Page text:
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Targeted Killing: Self-Defense, Preemption, and the War on Terrorism By Thomas B. Hunter April 29, 2005 Introduction This essay will endeavor to examine the concept of ‘targeted killing’ in the international war against terrorism by assessing the norms states employ in justifying the offensive use of force in countering the threats posed by individuals involved in terrorist activity against the state. Specifically, due to the asymmetric nature of terrorism, the unique nature of responses required to defeat it, and the lack of any binding international laws governing the practice of targeted killing, this is an option that is increasingly attractive to states confronted with a terrorist threat. This paper will not seek to address the more controversial moral and ethical implications of this type of policy or its consequences. Defining and Explaining Targeted Killing Discussions pertaining to a national-level policy of premeditated killing of suspected or known terrorists have historically been hampered by the lack of an effective and agreed upon definition of this type of policy. Such terms as ‘extrajudicial killing’, extrajudicial punishment’, ‘selective targeting’, ‘assassination policy’, and even ‘long-range hot pursuit’ have been used to describe this very specific type of activity.1 While some of these terms have merit, others serve only to complicate the discussion. For purposes of this discussion, the author adopts the term ‘targeted killing’ for the following reasons. First and foremost, this type of offensive counterterrorism action frequently elicits emotional and personal reactions in the public at large2, which can result in more pejorative designations, effectively hindering rational and unbiased discussion of the topic. Second, as will be discussed in the following section, targeted killing is not equivalent to assassination (a term frequently and mistakenly applied to targeted killing), and thus to equate the two results in misnomer that, again, hampers the discussion. The author defines targeted killing as the premeditated, preemptive, and deliberate killing of an individual or individuals known to represent a clear and present threat to the safety and security of a state through affiliation with terrorist groups or individuals. The latter portion of this definition is of particular importance, because the unique nature of terrorism provided states with the specific need for the implementation of a policy of targeted killing.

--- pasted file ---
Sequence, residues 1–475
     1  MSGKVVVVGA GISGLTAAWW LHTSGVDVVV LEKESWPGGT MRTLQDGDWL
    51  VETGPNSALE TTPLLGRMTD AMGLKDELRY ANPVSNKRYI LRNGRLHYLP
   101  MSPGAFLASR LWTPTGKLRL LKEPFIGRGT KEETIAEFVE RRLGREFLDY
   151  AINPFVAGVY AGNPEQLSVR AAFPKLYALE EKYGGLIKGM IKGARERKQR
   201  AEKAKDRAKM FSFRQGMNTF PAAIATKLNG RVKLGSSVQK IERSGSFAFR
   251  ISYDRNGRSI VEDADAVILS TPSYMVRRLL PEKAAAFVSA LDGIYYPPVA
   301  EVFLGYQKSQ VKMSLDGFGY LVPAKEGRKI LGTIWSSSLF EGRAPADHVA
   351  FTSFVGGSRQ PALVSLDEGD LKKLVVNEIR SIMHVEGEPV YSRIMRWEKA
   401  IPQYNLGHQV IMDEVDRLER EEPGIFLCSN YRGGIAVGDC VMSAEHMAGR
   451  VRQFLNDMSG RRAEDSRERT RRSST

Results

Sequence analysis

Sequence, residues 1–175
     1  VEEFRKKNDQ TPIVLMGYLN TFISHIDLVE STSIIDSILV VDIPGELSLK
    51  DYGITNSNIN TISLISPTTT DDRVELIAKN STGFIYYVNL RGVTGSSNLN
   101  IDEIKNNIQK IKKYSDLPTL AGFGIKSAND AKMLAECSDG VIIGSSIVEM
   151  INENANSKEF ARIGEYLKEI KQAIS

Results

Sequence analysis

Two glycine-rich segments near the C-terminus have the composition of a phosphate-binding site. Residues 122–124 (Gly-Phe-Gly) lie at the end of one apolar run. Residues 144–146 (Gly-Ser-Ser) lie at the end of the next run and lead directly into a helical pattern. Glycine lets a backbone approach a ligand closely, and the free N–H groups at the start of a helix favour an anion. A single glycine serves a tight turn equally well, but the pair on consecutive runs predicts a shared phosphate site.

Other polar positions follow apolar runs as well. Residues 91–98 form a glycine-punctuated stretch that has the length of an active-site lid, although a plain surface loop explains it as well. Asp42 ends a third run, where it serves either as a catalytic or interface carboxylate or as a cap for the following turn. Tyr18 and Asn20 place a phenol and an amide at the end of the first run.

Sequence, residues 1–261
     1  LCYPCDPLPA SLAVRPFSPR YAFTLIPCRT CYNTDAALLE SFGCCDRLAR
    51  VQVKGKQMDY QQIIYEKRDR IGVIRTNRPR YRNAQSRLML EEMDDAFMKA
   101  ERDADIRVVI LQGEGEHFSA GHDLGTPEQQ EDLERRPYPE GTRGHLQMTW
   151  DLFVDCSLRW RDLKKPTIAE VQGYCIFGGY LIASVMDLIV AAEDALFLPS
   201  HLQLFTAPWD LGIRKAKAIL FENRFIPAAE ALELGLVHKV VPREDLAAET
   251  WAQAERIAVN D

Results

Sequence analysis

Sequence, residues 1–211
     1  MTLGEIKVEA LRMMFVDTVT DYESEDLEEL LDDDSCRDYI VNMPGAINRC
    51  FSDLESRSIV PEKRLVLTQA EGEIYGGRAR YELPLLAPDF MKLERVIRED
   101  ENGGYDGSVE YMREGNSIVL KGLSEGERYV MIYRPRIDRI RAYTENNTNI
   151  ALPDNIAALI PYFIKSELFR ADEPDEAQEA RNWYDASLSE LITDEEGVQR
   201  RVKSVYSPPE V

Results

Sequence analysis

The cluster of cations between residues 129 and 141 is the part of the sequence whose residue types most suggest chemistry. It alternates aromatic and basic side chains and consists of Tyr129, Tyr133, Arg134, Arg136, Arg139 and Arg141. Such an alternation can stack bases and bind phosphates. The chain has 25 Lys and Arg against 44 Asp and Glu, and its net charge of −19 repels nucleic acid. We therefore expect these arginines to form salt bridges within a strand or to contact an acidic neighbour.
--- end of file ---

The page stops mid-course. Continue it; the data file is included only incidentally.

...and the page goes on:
Targeted killings, whether conducted by Israel, the U.S., Great Britain, or other nations, and more frequently the result of action undertaken not by conventional military forces, but rather by specialized troops, such as special operations forces (SOF). Alternately, some nations have turned increasingly to specialized equipment, such as unmanned aerial vehicles (UAV) in order to stalk their prey. These specialized men and equipment have proven an essential component of targeted killing, primarily do to the elusive and clandestine nature of terrorists themselves. 3 Rather than operating from fixed bases, terrorists often use the basements of homes, rented apartments, caves, nomadic encampments, and other locations from which they conduct their planning and attacks. Moreover, their travel is often concealed as they do not move about in marked military personnel carriers, but rather in civilian vehicles that are impossible to distinguish. Thus, conventional weapons of war such as tanks and heavy bombers are all but useless. This type of warfare requires a combination of accurate intelligence, highly trained and specialized soldiers, and oftentimes the use of unique and advanced tracking and detection equipment. Such is the nature of targeted killing. It is for these reasons, and those that will be cited in later sections of this essay, that targeted killing has become a preferred method of eliminating the threat of...
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